This initiative is no longer active.
In response to the devastation and displacement caused by Hurricane Katrina and further exacerbated by Hurricane Rita, USHRN initiated a broad-based campaign that called on the United States government to recognize Katrina, and then Rita, survivors as Internally Displaced Persons (IDPs) and to devise policies and practices grounded in the spirit of the Guiding Principles on Internal Displacement.
The Hold the U.S. Accountable: Internally Displaced Persons (IDP) Human Rights Campaign worked to educate the public and decision makers on the obligations of government to provide essential human rights protections to those displaced by the hurricanes including Gulf Coast residents and the diaspora communities, those community members displaced to other states. The Campaign also supported Gulf Coast residents’ advocacy efforts demanding decision makers meet government obligations and provide protections and relief from the many abuses suffered. The campaign sought to leverage U.S. government acknowledgement of the legitimacy of the category of internal displacement within its borders, as it has in its United States Agency for International Development (USAID) Internally Displaced Persons Policy, and compliance with the spirit of the U.N. Guiding Principles on Internal Displacement.
In the wake of the disaster many news media and others referred erroneously to the Katrina survivors as refugees. Influencing and changing the discourse to one that correctly identified the survivors as IDPs was a significant and lasting advancement for the U.S. human rights movement.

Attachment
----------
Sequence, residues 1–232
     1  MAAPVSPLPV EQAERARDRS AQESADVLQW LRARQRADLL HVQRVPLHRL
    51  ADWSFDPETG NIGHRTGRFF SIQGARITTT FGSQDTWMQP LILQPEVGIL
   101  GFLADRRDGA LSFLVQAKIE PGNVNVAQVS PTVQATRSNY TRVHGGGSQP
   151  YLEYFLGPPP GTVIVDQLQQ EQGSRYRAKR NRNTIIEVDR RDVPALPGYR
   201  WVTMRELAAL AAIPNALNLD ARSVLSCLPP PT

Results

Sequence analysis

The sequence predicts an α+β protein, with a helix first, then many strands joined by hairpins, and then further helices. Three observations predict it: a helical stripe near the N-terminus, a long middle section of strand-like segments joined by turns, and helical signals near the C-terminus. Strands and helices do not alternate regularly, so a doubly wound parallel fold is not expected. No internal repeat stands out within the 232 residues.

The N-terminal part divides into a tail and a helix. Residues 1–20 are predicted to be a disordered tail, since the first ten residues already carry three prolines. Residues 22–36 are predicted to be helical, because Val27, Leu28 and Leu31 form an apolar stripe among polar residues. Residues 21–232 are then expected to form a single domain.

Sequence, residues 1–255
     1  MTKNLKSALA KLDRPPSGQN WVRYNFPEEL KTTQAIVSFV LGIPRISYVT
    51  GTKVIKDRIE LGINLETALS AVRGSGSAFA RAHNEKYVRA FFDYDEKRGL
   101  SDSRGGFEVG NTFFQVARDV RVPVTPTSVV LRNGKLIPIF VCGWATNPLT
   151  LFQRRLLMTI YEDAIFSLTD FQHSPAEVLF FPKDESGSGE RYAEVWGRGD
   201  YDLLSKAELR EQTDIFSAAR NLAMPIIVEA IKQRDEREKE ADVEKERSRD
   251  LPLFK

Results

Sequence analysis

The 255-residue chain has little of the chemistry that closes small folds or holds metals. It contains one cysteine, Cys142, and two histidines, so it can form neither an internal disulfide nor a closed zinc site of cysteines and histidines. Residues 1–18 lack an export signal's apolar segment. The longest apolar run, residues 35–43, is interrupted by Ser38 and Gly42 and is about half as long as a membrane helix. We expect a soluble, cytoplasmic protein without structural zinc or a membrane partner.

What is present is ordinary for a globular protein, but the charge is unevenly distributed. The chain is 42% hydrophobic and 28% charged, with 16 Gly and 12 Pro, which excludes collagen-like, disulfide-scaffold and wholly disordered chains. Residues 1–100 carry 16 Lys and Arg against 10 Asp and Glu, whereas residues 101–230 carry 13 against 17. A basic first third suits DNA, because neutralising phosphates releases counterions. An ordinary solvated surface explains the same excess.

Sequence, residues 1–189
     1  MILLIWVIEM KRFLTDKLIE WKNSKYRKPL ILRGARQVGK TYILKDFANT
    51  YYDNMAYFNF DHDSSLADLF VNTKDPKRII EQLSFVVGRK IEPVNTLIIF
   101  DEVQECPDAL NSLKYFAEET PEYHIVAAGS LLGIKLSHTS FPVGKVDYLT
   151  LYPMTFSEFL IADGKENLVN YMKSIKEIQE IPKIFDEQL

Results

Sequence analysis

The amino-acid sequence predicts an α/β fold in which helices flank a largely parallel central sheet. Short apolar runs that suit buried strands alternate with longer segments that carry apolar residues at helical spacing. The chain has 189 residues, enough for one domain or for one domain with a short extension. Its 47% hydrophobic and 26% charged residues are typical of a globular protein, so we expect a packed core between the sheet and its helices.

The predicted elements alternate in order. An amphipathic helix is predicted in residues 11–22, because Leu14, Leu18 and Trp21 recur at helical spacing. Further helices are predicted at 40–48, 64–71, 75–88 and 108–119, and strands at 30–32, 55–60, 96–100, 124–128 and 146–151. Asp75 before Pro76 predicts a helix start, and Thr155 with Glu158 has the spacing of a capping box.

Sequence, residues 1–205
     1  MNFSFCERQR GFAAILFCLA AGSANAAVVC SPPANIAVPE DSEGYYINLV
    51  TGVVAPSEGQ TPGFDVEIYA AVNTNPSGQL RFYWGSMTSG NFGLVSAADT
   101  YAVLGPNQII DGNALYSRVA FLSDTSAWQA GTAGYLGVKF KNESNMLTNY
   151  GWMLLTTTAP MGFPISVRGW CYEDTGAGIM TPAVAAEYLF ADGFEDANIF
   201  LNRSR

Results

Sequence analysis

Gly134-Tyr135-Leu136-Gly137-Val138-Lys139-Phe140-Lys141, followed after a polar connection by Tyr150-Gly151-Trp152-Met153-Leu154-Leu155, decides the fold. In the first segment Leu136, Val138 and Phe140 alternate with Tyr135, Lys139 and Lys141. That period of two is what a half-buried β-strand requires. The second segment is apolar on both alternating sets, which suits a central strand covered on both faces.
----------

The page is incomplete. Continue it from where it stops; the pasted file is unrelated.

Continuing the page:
The 2008 UN review of U.S. government compliance with the International Convention on the Elimination of All Forms of Racism (CERD) provided an opportunity to spotlight ongoing human rights issues related to Katrina and Rita. The Network’s collective Katrina-related submissions and testimony at the UN hearings formed the basis of the Committee’s findings. During the six-hour CERD Committee hearing in Geneva, the Committee members were very concerned about prevailing human rights violations and their seemingly explicit racial underpinnings in the aftermath of hurricanes Katrina and Rita. In its Concluding Observations, the CERD Committee stated unequivocally that concerns remain about the disparate impact that the hurricanes continued to have on low-income African American residents, many of whom were (and are still) displaced.
The Committee also recommended that the U.S. increase its efforts to facilitate the return of displaced residents or to guarantee access to affordable housing. “In particular,” the Concluding Observations stated, “the Committee calls on the [U.S. government] to ensure that every effort is made to ensure genuine consultation and participation of persons displaced by Hurricane Katrina in the design and implementation of all decisions affecting them.”
This was a remarkable achievement, considering that the Committee was inundated with more than 50 shadow reports yet recognized the crisis in the Gulf as one of preeminent concern.